Articles from The Idyll
A Little Switzerland Community Newsletter
Where is Little Switzerland?
by Sally Meeting, Kennett Square, PA
I have heard people describe Little Switzerland as a state of mind. Most who come to believe this fight to spend leisure time or live in this special place at least part of every year.
There are also folks who come to Little Switzerland but don’t find it. It’s not always clear what they expected to find, and possible that whatever it is might never be found.
The roads, admittedly, are confusing to the uninitiated. The correct paths from the Parkway to Downtown Little Switzerland or back again could justifiably be called bizarre.
Even more puzzling, though, are the folks who find themselves at Geneva Hall, the Switzerland Cafe, Ridge Road, or the post office muttering”Is this it?”
Didn’t they think they would find spectacular mountain scenery? Beautiful lodges and quaint, curious cabins and houses nestled hidden in hollows and on ridges? People with time to say hello… Giant butterflies flying allegro up and down hillsides? Squadrons of humming birds executing back porch feeder raids? Wild orchids, blueberries, blackberries, bears, trout, to say nothing of the spectacular feasts of rhododendron and azaleas in season?
Visitors who don’t”see” Little Switzerland should keep on searching for their Shangri-la. Perhaps if lucky, they might find themselves back on this mountaintop another day when the fog has lifted. Things could look different next time around.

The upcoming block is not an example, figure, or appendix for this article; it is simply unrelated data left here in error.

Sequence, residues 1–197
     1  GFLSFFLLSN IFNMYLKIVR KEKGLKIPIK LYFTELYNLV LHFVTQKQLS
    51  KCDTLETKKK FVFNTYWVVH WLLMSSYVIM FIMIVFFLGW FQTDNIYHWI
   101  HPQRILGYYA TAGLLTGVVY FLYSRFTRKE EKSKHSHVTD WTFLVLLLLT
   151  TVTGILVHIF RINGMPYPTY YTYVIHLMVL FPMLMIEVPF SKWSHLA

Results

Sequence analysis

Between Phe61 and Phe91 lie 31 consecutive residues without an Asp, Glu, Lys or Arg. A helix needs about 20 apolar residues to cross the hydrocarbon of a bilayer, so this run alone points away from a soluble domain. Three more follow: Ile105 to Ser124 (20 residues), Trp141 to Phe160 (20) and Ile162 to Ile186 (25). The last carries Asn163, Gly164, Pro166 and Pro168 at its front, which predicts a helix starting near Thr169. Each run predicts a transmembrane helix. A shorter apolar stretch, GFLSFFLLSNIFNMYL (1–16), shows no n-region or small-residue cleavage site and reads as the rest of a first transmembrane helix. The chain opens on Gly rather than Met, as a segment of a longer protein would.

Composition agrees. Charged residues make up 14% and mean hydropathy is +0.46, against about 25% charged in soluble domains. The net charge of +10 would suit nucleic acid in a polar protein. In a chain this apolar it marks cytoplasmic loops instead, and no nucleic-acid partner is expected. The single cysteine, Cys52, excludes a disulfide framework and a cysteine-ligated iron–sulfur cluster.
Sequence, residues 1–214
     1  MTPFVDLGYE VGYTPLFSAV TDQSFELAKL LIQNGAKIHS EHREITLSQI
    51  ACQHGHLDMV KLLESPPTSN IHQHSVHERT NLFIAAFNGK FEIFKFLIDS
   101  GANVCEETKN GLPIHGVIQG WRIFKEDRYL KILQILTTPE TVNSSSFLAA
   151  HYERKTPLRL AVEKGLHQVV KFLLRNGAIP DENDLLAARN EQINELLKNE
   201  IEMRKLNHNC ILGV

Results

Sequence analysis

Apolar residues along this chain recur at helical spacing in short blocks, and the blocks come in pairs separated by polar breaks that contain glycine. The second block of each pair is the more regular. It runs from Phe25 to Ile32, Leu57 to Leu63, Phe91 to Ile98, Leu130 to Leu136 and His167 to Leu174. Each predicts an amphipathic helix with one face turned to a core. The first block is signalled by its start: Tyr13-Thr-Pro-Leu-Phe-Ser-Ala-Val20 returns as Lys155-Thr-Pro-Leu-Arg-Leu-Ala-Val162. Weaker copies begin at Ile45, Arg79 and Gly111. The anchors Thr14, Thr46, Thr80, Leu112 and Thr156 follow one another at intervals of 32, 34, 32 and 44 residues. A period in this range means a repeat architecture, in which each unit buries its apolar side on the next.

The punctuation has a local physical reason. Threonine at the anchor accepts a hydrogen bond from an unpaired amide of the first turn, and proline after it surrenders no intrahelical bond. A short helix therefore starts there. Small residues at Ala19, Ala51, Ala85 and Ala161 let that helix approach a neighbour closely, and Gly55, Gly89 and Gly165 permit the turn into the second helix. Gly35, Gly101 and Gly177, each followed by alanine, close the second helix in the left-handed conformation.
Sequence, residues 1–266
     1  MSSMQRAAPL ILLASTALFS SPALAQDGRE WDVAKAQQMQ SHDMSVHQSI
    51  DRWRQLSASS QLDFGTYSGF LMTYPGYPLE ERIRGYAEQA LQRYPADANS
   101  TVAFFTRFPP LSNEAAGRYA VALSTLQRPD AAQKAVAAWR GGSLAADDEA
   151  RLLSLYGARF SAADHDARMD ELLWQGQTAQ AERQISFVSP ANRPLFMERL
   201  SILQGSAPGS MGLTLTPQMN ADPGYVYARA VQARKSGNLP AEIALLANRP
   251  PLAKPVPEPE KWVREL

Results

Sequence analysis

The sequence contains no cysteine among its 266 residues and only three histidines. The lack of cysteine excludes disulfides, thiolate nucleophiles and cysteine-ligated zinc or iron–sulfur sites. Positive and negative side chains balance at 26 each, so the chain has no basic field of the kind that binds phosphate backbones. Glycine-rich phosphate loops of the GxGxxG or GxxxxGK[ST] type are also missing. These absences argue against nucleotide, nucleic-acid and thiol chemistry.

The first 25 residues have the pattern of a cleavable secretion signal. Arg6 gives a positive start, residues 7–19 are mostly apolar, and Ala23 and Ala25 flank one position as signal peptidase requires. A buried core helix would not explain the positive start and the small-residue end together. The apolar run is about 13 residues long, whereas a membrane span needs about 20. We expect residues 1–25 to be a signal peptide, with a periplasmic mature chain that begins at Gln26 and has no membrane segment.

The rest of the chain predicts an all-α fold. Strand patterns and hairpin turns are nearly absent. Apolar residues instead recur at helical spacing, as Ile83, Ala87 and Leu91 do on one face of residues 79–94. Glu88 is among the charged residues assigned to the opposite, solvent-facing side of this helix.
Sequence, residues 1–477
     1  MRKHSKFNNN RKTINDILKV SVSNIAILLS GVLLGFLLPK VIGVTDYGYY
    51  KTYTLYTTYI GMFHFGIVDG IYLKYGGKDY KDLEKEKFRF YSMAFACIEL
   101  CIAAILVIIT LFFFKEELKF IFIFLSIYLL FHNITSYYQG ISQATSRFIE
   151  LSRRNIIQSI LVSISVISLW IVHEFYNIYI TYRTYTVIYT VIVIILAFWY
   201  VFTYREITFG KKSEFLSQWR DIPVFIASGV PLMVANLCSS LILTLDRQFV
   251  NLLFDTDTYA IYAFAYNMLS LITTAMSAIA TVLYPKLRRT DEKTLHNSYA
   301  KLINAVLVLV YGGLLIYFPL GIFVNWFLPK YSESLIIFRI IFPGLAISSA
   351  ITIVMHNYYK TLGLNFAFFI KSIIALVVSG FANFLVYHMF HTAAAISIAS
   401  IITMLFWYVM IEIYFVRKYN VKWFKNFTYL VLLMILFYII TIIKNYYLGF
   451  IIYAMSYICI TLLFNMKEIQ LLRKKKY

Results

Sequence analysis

By Delphia Lamberson
The first question we usually hear is,”Pardon me, ‘Where is Little Switzerland?'” We are asked this question so often that it has become an ongoing source of amusement.
We answer,”You are standing in it.”
People hear this and sometimes get a little angry.”You mean we’ve come all that way for this?”
“You are lucky that you found us! This village is known in nearby towns as ‘Brigadoon’ because it is so often lost in the fog.”
“There isn’t much to it, is there?”
“That’s why we call it Little Switzerland!
“Well, what do you do all day in a place like this?”
“How can you stand it, living here?”
“We love it! Lots of rain. Lots of fog. Lots of interesting, close friends. No golf course.”
Ours is a mountaintop settlement, older than the Blue Ridge Parkway by some 30 years. There is the old road (NC 226A) which meanders up the mountain along Armstrong Creek, and the new road (NC 226), which climbs up beside Coxes’ Creek. These roads separate at the bottom of the mountain and then, some 12 miles up, they come together again, at the Little Switzerland Post Office. The Switzerland Store (circa 1926) is right across the road from the Little Switzerland Post Office.
Several years back, Harold McKinney was spending a lot of time sitting on the waitin’ bench outside The Switzerland Store. When cars stopped and tourists asked him,”Where is Little Switzerland?” he would direct them to proceed down the mountain the way they were headed on 226A until they reached the bottom, then turn left on the first paved road they came to, which would be NC 226. They could follow the signs up to Little Switzerland.
“You can imagine the looks on their carsick faces when, about 45 minutes later, they’d roll by again, crank down their window to ask directions, and recognize me still settin’ here!”